[swift-evolution] [Accepted with Revision] SE-0099 Restructuring Condition Clauses

Brandon Knope bknope at me.com
Wed Jun 8 23:47:05 CDT 2016

I am deeply saddened that a little part of character is lost in swift with the removal of where (imo). But I can be happy that ; is not being used I guess. 

My question: what is/was the rationale for adding where to swift 2? We seem to just be removing it everywhere now (or at least the proposals will be incoming)


Sent from my iPad

> On Jun 8, 2016, at 9:47 PM, Joe Groff via swift-evolution <swift-evolution at swift.org> wrote:
> The review of SE-0099 "Restructuring Condition Clauses" ran from January 13...18, 2016. The proposal has been accepted with revision for Swift 3. There was near unanimous agreement that the Swift 2 grammar was inconsistent and ambiguous and should be changed; most of the disagreement centered on how. Many alternatives were discussed, including the following:
> - The proposal as written suggests using ';' or newline as a separator. To many people, this looked heavy, and it's also inconsistent with the rest of the language, which never otherwise used semicolon as an intra-statement separator (except in the defunct for;; loop).
> - Introducing a keyword separator, such as using 'where' everywhere or introducing a new 'and' keyword, is also bulky and either reads poorly or requires stealing new keywords.
> - Some commenters suggested using '&&' for consistency with simple boolean conditions. This isn't workable due to precedence issues.
> - The ambiguities arise from the fact that there are comma-separated lists within comma-separated lists—within the list of conditions, each 'case' or 'let' condition can have multiple declarations. If we eliminated this feature, so that every 'case' or 'let' condition had to start with 'case' or 'let', the ambiguity is resolved, and comma can remain the condition separator. This does break consistency with non-conditional 'let' declarations and case clauses in 'switch' but is otherwise workable.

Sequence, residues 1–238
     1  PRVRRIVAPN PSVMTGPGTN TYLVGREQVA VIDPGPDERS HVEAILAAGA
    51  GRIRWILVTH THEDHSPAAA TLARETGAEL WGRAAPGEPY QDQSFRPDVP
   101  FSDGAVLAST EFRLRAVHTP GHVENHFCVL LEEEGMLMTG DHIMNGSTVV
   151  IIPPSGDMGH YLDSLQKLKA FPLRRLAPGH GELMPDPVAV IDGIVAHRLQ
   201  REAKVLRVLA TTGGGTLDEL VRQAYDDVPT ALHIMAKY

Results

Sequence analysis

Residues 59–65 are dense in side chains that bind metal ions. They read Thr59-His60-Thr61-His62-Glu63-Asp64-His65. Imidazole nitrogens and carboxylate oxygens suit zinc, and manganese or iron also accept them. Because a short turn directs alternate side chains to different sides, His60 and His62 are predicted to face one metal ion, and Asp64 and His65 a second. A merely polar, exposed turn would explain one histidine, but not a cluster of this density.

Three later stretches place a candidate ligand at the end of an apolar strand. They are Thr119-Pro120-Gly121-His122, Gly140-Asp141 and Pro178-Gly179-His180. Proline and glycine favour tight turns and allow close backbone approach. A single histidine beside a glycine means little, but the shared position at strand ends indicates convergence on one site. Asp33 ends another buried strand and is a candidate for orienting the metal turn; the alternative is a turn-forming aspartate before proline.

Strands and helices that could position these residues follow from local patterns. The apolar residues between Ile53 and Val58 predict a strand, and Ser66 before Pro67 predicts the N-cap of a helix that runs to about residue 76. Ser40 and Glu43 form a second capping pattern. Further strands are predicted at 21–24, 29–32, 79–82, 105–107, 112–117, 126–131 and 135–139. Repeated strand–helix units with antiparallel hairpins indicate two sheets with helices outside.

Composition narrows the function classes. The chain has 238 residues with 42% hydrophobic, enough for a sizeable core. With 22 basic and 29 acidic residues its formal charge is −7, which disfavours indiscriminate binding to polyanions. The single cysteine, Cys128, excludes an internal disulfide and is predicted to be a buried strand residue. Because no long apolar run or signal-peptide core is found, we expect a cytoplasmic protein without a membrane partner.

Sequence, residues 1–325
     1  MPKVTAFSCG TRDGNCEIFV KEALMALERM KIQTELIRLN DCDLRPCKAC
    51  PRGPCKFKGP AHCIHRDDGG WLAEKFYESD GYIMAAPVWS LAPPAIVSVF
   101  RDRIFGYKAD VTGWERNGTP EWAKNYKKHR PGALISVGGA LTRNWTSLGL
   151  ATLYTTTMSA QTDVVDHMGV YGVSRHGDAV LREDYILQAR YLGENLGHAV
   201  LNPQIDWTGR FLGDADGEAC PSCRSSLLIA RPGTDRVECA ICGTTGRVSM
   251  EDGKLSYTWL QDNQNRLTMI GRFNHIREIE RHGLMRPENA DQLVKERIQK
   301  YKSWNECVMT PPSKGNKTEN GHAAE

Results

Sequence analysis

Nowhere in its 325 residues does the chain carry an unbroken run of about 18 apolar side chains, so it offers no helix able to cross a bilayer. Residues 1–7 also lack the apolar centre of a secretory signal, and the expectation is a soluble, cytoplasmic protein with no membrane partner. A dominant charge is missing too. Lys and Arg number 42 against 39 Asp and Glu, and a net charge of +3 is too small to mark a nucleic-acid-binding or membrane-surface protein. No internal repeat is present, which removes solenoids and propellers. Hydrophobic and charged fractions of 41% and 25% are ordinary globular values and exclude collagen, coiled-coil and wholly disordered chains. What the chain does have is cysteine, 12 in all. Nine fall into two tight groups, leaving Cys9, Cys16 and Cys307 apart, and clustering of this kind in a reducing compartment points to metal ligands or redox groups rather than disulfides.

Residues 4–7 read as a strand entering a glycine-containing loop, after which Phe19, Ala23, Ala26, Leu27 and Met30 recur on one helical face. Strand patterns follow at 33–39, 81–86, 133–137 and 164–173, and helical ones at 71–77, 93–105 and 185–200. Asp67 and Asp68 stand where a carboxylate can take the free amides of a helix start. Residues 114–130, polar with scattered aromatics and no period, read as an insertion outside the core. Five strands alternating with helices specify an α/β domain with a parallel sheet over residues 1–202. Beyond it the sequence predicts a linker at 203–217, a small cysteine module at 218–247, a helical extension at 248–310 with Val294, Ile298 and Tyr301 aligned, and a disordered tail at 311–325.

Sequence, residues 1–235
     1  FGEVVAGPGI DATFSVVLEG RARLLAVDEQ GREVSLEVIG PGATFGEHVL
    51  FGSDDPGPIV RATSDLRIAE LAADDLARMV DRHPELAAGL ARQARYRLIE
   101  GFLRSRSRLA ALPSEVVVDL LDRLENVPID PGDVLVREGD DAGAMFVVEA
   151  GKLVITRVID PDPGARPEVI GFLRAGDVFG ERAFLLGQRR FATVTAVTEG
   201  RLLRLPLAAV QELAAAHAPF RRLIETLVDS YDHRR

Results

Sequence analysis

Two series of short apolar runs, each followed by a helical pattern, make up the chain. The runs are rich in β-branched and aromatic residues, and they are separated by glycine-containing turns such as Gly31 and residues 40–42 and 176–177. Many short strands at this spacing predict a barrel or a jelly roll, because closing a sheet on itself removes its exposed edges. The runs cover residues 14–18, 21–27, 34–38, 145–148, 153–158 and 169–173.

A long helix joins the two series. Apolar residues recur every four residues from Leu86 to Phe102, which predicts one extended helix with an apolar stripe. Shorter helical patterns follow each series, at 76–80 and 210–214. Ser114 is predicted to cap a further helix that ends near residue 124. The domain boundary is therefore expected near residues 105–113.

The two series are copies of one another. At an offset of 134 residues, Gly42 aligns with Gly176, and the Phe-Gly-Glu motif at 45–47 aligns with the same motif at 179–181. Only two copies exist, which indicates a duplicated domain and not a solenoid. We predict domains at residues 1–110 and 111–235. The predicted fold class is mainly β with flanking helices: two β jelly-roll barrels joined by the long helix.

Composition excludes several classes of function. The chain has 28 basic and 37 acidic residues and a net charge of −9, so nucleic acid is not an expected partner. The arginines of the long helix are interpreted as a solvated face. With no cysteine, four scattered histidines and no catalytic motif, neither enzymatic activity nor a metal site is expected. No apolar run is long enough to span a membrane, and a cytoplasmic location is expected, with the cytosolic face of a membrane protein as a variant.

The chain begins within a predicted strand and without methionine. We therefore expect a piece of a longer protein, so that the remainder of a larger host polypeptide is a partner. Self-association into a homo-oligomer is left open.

> Of these alternatives, the core team found the last one to be the best choice. 'case' and 'let' conditions should each specify a single declaration, comma should remain the condition separator, and the 'where' keyword can be retired from its purpose as a boolean condition introducer. Some code becomes more verbose, but in common formatting patterns, it aligns more nicely, as in:
> 	guard
> 	  let x = foo(),
> 	  let y = bar(),
> 	  let z = bas(),
> 	  x == y || y == z else {
> 	}
> and though it breaks commonality between 'let' conditions and 'let' declarations, it's more important to preserve higher-level consistency throughout the language in how components of expressions and statements are separated. Thanks everyone for the discussion, and thanks Erica and Chris for the proposal! Since, aside from the approved syntax, the fundamental thrust of the proposal remains the same, Chris has volunteered to revise it to be in line with the approved decision.
> -Joe
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